Over the past eight years, the Republican Party has publicly stood for nothing so much as the proposition that the Affordable Care Act—a.k.a. "Obamacare"—is more than just a misguided set of public policies but is in fact a fundamental threat to cherished values. Congressional Republicans have referred to the ACA as a "stunning assault on liberty" that "tramples on the freedoms of Americans" and is itself "un-American"; former party leader John Boehner warned in 2010 that the legislation would cause an "Armageddon" that would "ruin our country." The implementation of the ACA's provisions over the course of Obama's presidency has done nothing to reconcile the GOP to the act's existence nearly seven years after its enactment, and party members have energetically pursued various attempts to overturn or undermine the law—from judicial challenges to state-level Medicaid expansion blockades to the unsuccessful Ted Cruz-led government shutdown maneuver in October 2013.
Soon after the ACA was passed, Republicans collectively adopted a slogan of "repeal and replace"—committing the party to repealing the hated Obamacare while replacing it with a "better" alternative. Republican politicians have not found much success in specifying exactly what that alternative would be, despite repeated promises over the past seven years that the public unveiling of their own detailed health care plan was just around the corner. Even if the GOP's pledge to enact a different version of health care reform represented a clever rhetorical strategy more than a serious policy position, however, it still contained a key implicit concession. By promoting the idea of a superior legislative replacement (however hypothetical it might be), Republican leaders were acknowledging that the central purpose of the law itself—government-initiated expansion of citizen health-care access—was not per se illegitimate, and that revoking the benefits provided by the ACA to millions of Americans by merely ripping out Obama's reforms by the roots was not a politically palatable stance.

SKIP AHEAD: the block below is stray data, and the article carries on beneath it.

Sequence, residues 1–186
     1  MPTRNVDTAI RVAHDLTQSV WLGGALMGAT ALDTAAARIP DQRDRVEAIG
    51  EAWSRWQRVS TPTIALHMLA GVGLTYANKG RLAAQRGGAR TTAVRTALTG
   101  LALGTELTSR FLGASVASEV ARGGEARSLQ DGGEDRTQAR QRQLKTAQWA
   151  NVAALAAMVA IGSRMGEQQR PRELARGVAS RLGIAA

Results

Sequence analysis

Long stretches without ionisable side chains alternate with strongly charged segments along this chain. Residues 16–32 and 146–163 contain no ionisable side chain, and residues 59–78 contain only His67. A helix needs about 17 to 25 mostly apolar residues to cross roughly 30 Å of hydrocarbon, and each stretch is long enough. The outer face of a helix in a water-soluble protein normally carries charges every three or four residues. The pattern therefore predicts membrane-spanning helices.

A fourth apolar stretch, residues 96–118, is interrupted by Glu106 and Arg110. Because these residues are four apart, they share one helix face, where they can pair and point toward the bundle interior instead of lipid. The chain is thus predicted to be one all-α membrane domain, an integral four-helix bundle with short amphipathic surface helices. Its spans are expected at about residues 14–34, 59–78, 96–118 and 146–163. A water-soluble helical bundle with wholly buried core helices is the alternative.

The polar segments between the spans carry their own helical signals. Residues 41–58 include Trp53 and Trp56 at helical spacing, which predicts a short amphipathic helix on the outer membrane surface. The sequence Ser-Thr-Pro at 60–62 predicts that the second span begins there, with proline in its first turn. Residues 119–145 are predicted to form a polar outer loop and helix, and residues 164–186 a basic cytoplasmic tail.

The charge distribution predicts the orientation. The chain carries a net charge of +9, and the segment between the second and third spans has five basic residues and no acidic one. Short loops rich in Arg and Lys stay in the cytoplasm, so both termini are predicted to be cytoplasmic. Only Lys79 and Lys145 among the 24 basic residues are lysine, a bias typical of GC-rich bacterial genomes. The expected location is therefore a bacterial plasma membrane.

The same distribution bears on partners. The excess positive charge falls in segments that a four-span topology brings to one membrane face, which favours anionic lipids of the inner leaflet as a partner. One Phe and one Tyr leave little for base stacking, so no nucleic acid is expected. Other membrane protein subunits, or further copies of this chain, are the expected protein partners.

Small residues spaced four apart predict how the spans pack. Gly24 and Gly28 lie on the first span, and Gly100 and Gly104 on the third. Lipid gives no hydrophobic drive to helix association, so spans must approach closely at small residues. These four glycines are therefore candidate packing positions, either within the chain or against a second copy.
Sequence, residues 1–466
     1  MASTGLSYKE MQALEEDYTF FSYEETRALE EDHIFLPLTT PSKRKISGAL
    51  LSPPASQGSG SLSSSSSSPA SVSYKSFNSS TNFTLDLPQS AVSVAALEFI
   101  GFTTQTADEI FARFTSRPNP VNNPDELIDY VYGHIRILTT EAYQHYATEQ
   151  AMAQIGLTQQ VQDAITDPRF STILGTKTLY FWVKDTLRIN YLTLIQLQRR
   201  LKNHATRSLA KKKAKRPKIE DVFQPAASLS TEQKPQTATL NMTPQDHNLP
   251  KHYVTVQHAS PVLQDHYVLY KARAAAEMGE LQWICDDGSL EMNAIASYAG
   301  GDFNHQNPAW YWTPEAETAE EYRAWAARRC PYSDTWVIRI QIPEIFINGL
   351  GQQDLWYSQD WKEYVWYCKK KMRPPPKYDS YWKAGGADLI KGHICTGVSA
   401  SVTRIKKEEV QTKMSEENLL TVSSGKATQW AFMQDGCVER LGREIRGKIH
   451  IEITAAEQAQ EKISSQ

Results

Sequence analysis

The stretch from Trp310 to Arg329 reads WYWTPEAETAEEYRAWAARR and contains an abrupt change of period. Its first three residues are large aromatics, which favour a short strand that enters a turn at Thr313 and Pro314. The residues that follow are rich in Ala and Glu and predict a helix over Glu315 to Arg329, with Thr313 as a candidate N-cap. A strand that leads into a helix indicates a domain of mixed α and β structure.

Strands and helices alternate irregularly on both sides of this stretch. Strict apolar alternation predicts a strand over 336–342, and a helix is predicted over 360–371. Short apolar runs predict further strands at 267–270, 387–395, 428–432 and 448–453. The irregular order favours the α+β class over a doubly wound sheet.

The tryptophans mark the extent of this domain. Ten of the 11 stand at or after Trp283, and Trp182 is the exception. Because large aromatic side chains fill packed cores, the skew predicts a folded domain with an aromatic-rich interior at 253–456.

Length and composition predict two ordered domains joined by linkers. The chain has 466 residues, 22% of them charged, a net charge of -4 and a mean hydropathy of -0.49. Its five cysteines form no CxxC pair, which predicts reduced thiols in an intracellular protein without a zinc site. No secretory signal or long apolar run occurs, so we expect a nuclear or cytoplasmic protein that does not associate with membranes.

With Donald Trump about to assume the presidency, Republican leaders are now considering how best to translate the "repeal and replace" pledge into a concrete legislative program. This has proven difficult. Congressional Republicans understandably wish to satisfy their own ideological commitments (and the demands of their party base) by moving quickly to pass repeal legislation. But without a replacement proposal ready to go, the current strategic plan involves delaying the actual implementation of repeal for two years or more.
In some respects, advocating such a relaxed timetable is a curious position for a party that has previously characterized the ACA as representing a menacing threat to the very future of America itself. But Republicans have found themselves in a genuine political bind. Repealing Obamacare carries substantial political risks for the GOP; voters seldom reward politicians for denying them benefits that they have previously enjoyed, while the health care industry as a whole could experience substantial disruption due to funding cuts and uncertainty about future federal policy. (Even the kick-the-can-into-2019 approach currently favored by Republican congressional leaders could have the effect of unraveling the individual insurance market as early as this spring, if insurers respond by pulling out of the marketplace ahead of schedule.) With unified Republican control of the federal government arriving on January 20, voters would not be confused about which party to blame for any problems that might occur.